Stay rested. Sleep is important if you want to feel your best and perform well. Pulling all-nighters has been shown to reduce your retention abilities, resulting in lower grades.[18]
    • A well-rested student is more relaxed, alert, and able to focus and retain information.
    • Most students need at least eight hours of uninterrupted sleep.[19] Many students need even more sleep than that, depending on age and level of physical activity.

Part 4
Taking Your Exams

  1. Image titled Excel in Your Final Exams Step 14
    Start the day out right. How you begin your day could shape how well or how poorly you perform on an exam. It's important to feel your best if you want to perform well at school or any other activity you apply yourself to.
    • Make sure you're well rested.
    • Set your alarm, and consider setting a second alarm for the morning just to ensure that you get up if you sleep through the first. Use two different alarms, like a clock and your cellphone, in case the power goes out at night.[20]
    • Have a small but nutritious breakfast. A breakfast high in fiber and carbohydrates, like oatmeal, is ideal for test days because it is digested more slowly to power you through the day.[21]
    • Wear comfortable clothes. You don't need to show up wearing pajamas, but you also don't need to dress your best - wear whatever will let you remain comfortable and focused for long periods of time.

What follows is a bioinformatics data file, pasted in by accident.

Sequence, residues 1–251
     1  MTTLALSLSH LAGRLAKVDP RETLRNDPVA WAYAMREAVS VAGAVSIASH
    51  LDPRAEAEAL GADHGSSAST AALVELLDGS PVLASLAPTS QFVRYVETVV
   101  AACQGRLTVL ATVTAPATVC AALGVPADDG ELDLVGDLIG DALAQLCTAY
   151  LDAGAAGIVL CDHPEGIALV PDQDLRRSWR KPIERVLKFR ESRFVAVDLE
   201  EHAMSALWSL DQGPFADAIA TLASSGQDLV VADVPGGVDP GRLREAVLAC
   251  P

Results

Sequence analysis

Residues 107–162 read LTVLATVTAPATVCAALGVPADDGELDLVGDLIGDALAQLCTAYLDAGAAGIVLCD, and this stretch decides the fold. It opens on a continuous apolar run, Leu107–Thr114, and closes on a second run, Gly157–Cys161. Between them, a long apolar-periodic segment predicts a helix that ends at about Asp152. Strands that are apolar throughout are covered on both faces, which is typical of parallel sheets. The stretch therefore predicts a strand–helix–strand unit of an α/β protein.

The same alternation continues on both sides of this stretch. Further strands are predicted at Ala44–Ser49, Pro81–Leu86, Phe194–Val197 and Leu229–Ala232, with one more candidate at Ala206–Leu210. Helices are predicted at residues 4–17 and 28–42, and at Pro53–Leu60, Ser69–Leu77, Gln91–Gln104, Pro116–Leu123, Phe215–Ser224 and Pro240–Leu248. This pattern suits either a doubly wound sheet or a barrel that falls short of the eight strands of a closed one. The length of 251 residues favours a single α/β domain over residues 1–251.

• Use the bathroom before you get to the exam. This will reduce the need to get up and leave during the exam (which may not be permitted).[22]
  2. Image titled Excel in Your Final Exams Step 15
    Arrive early. Running late to an exam is an easy way to stress yourself out, and depending on the test you may not be allowed to enter the exam after it begins. Set yourself up for a smooth and stress-free exam by leaving your house early and getting to the exam at least 20 minutes before it begins.
    • Know the time and location where your exam will be administered. Some exams are not taken in your usual classroom, so know where you'll need to be in advance.[23]
    • Get there early enough to be settled in before the exam starts. If you have time, you may even want to review your notes one last time right before the exam (but make sure you studied in advance).
  3. Image titled Excel in Your Final Exams Step 16
    Come prepared. If you're stressed out about an exam, you may not be thinking about what you'll need to actually take the exam. Plan everything out ahead, and consider packing your bags the night before the exam.